My honest review of Bota Box Nighthawk Gold Vibrant Sauvignon Blanc. (K… that’s a mouthful, Bota Box.)
This series of posts is designed to help you choose the right boxed wine for you. No one would ever pay me for my opinions, so you can rest assured my reviews are 100% unbiased ?
Overall value of the wine is primarily graded by taste and the number of ice cubes needed to make it drinkable. Wines are rated on a grading scale of F to A+, because wine rating systems are arbitrary and I like letters more than numbers.
So join me as I suffer through three liters of every Black Box, Bota, Barefoot, and whatever else I find on the shelves of Harris Teeter.
Bota Box Nighthawk Gold Vibrant Sauvignon Blanc Honest Review
All Bota Box wines are produced at Delicato Family Wines’ Certified Sustainable California winery. So at least they have that going for them.
I’ve said it before, and I’ll say it again: Bota Box has by far the most difficult packaging to open and pour without half the wine spraying down the side of your glass and all over your refrigerator. The spout just doesn’t protrude far enough, so you have to do some elaborate thumb yoga if you don’t want to spill it all over the everything.
As for aesthetics, I actually really like their “Nighthawk” line of boxes. They’re kind of witch-y and use saturated colors that make me feel like I’m camping out in the woods under the starry night sky. Which I would never do, but it’s nice to emulate the feeling.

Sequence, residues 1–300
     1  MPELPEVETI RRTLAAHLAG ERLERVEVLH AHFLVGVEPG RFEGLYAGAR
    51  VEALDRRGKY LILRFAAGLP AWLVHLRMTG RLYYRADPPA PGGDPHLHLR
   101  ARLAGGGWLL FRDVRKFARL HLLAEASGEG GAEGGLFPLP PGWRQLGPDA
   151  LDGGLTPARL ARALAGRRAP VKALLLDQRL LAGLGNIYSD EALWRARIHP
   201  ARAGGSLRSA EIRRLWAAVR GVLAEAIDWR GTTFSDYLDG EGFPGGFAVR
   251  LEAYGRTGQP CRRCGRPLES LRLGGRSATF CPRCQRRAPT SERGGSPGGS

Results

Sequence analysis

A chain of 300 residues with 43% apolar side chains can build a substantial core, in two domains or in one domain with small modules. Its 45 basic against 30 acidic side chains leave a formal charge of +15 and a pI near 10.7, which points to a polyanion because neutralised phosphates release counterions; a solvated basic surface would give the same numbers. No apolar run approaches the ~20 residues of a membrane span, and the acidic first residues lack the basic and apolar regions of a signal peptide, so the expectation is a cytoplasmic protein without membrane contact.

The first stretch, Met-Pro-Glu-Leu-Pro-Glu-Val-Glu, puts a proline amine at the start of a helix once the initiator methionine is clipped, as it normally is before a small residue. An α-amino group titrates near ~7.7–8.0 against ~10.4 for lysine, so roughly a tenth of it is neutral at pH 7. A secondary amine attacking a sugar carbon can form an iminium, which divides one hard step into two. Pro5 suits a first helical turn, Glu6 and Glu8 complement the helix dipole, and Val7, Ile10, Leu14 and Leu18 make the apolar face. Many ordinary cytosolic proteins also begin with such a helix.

When I first cracked this box open, I was honestly not impressed. What they marketed as “vibrant” just felt meh. That said, once it became less ice-cold, the fruit started to round out the acidity, and I enjoyed it quite a bit.
As my time with this box drew on, I realized that I liked it better when the box was about a third of the way empty and the wine had a chance to sit outside of the fridge for a second. The taste just becomes mellower and overall more pleasant.
Taste-wise, you can expect a pretty classic New Zealand Sauvignon Blanc even though it’s made in California. It’s a powerfully fruity wine that’s well balanced thanks to the high acidity. The smell and taste is citrusy, primarily lemon and grapefruit. There are also some subtle floral and grassy notes that complement the fruitiness without overpowering it.
Usually I find boxed Sauv Blanc overly citrusy and acidic, but not this one. This box goes heavy on the fruit without smacking you in the face with citrus like HEY I’M A GRAPEFRUIT HI HELLO I’M A FRUITY GRAPEEEEE! And for that, I applaud this box.
Also, I hate it when marketing is on the nose, but as it turns out, “vibrant” is actually a pretty good way to describe this wine. A good batch will perk you up and make you feel like you’re drinking a golden ball of sunshine.
# Of Ice Cubes Needed
Zero! This box o’ wine is nice on its own and I actually prefer it when it isn’t ice cold. Obviously if you’re in a pinch and it’s still room temp, feel free to throw in a cube friend or two, but they’re unnecessary as far as taste is concerned.
This would go well with the foods you would normally pair with Sauvignon Blanc. Grilled fish, goat cheese, roasted chicken, vegetable pasta, anything with a lemony sauce… the list could go on forever.
Overall Value: A-
This is probably one of my higher scores for a boxed wine, and I’m as surprised as anyone else. Sauvignon Blanc is not my favorite, but this might just become a staple in the Johnson household.
One caveat: as with all boxed wines, the batches can be a bit inconsistent from box to box and even from start to finish within a singular box. If you get a slightly less good box or pour a “meh” glass, don’t let it discourage you and try again.
Ultimately, when this wine is good, it’s quite good. And when it’s less good, it’s simply inoffensive. So in the world of boxed wine, it could be much worse. If you’re a Sauvignon Blanc fan, definitely try this before Black Box or Barefoot and thank me later.